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Biochemical and biophysical research communications

Identification of putative odorant binding protein genes in Asecodes hispinarum, a parasitoid of coconut leaf beetle (Brontispa longissima) by antennal RNA-Seq analysis.


PMID 26454175

Abstract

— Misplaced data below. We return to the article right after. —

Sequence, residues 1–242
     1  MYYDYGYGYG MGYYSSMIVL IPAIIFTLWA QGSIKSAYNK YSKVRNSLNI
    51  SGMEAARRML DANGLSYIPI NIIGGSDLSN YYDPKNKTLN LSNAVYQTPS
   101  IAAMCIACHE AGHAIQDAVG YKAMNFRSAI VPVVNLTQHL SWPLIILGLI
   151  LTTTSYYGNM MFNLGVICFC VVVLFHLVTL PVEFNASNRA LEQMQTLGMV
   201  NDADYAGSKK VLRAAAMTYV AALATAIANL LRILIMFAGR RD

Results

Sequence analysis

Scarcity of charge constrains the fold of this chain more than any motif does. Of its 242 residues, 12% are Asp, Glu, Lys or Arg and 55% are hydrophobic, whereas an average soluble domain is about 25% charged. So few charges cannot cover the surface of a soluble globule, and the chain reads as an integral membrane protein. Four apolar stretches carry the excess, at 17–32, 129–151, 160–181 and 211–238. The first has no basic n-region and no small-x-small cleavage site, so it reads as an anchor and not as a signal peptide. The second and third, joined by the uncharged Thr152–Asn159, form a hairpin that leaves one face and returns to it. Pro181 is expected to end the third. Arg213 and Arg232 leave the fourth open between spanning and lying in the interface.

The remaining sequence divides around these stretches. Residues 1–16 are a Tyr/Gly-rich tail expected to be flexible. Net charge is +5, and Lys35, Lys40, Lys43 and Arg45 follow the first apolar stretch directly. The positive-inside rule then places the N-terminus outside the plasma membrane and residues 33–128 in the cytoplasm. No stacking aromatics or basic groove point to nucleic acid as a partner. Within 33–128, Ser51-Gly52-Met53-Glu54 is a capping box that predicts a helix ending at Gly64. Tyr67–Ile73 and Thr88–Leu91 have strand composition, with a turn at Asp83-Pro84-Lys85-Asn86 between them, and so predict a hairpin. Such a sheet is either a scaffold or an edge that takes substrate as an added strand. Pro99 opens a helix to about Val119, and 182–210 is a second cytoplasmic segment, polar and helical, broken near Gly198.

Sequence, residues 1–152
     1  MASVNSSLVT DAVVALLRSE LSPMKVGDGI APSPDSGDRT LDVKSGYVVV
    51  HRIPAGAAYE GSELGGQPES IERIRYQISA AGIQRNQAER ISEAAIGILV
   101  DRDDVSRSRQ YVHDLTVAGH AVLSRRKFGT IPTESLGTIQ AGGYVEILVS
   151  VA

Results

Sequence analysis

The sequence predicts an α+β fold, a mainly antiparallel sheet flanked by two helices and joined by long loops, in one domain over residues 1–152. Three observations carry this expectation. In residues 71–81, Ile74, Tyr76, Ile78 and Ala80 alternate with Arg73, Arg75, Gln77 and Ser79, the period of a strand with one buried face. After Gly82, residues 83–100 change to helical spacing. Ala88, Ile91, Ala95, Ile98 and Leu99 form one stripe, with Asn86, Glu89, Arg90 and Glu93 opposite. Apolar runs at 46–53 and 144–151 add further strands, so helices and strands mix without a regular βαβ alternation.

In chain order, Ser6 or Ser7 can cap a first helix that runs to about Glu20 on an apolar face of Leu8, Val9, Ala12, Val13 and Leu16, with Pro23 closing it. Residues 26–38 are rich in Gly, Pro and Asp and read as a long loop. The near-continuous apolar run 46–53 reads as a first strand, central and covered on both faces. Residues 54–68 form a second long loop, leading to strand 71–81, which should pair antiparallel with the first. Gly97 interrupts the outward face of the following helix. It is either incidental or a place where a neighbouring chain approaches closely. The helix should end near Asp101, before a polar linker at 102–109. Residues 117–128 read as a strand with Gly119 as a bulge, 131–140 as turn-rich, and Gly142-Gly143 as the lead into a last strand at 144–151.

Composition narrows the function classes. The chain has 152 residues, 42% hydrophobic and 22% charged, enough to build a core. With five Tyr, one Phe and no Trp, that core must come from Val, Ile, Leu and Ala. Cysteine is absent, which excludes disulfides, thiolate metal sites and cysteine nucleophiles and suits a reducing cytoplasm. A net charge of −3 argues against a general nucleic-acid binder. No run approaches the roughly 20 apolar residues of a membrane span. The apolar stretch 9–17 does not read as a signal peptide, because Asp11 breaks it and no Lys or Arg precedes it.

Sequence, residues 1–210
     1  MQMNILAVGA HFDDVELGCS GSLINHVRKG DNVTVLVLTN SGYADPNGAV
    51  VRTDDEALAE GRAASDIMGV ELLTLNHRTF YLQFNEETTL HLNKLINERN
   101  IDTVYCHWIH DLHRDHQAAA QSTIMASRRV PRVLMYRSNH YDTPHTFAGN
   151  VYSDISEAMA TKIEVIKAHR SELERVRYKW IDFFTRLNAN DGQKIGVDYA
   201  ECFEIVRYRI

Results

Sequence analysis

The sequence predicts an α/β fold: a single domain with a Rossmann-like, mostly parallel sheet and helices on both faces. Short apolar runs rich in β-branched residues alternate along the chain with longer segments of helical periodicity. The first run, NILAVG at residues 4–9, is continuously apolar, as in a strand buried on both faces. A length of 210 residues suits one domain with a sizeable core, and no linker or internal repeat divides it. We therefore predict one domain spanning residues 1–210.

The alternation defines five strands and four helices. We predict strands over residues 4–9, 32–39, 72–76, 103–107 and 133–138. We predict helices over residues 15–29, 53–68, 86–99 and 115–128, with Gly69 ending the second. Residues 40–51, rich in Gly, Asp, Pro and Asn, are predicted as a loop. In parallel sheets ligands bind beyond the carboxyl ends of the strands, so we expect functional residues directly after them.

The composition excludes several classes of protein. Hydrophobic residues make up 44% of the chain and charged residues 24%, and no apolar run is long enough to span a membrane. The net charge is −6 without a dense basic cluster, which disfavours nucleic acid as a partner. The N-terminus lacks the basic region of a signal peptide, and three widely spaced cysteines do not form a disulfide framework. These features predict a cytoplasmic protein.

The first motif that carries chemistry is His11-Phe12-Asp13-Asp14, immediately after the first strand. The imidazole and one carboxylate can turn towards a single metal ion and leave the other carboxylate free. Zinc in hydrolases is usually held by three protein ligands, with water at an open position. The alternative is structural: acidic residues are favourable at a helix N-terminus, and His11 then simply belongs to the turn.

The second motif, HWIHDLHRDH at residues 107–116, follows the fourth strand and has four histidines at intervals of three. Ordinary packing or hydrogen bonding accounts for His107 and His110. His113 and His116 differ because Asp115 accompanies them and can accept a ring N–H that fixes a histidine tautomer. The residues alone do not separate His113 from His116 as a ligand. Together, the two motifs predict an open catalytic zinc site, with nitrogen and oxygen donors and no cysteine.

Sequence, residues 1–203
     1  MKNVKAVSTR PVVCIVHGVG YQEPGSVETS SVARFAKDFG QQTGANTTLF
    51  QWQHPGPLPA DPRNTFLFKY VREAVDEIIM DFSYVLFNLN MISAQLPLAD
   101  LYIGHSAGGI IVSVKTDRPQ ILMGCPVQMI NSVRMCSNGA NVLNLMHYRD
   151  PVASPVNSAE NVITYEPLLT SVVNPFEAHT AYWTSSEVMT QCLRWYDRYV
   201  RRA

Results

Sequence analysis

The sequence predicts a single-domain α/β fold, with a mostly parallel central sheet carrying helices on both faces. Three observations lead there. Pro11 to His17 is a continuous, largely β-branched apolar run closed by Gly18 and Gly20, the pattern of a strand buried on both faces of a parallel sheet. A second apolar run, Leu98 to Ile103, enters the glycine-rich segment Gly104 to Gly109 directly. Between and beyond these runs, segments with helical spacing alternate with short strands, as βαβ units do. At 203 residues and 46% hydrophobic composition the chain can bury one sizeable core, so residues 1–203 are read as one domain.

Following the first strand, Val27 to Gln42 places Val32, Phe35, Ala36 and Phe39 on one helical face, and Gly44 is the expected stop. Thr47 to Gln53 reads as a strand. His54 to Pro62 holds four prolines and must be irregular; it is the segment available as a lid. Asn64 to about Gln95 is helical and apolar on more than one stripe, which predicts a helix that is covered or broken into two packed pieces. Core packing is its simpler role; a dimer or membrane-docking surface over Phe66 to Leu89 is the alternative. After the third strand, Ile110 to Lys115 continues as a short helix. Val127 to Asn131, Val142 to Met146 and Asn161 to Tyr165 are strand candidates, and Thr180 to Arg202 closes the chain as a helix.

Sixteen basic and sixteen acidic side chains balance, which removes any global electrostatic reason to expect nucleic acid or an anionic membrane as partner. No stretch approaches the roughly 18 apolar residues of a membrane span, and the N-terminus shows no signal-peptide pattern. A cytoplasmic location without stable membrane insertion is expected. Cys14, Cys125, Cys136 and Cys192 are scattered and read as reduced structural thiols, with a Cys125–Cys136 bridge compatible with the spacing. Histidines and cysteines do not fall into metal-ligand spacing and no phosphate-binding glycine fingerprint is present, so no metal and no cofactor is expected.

Asecodes hispinarum (Hymenoptera: Eulophidae) is an endoparasitoid and an efficient biological control agent which attacks larvae of Brontispa longissima, a serious insect pest of Palmae plants in China. Odorant binding proteins (OBPs) are believed to be important for transporting semiochemicals through the aqueous sensillar lymph to the olfactory receptor cells within the insect antennal sensilla. No previous study has reported on OBPs in A.xa0hispinarum. In this study, we conducted the large-scale identification of OBP genes from the antennae of A.xa0hispinarum by using transcriptome sequencing. Approximately 28.4 million total raw reads and about 27.3 million total clean reads were obtained, and then 46,363 unigenes were assembled. Of these unigenes, a total of 21,263 can be annotated in the NCBI non-redundant database. Among the annotated unigenes, 16,623 of them can be assigned to GO (Gene Ontology). Furthermore, we identified 8 putative OBP genes, and a phylogenetic tree analysis was performed to characterize the 8 OBP genes. In addition, the expression of the 8 OBP genes in different A.xa0hispinarum body tissues was analyzed by real-time quantitative polymerase chain reaction (qRT-PCR). The results indicated that the 8 OBP genes were expressed accordingly to sexes and tissues, but all highly expressed in antennae. The finding of this study will lay the foundation for unraveling molecular mechanisms of A.xa0hispinarum chemoperception.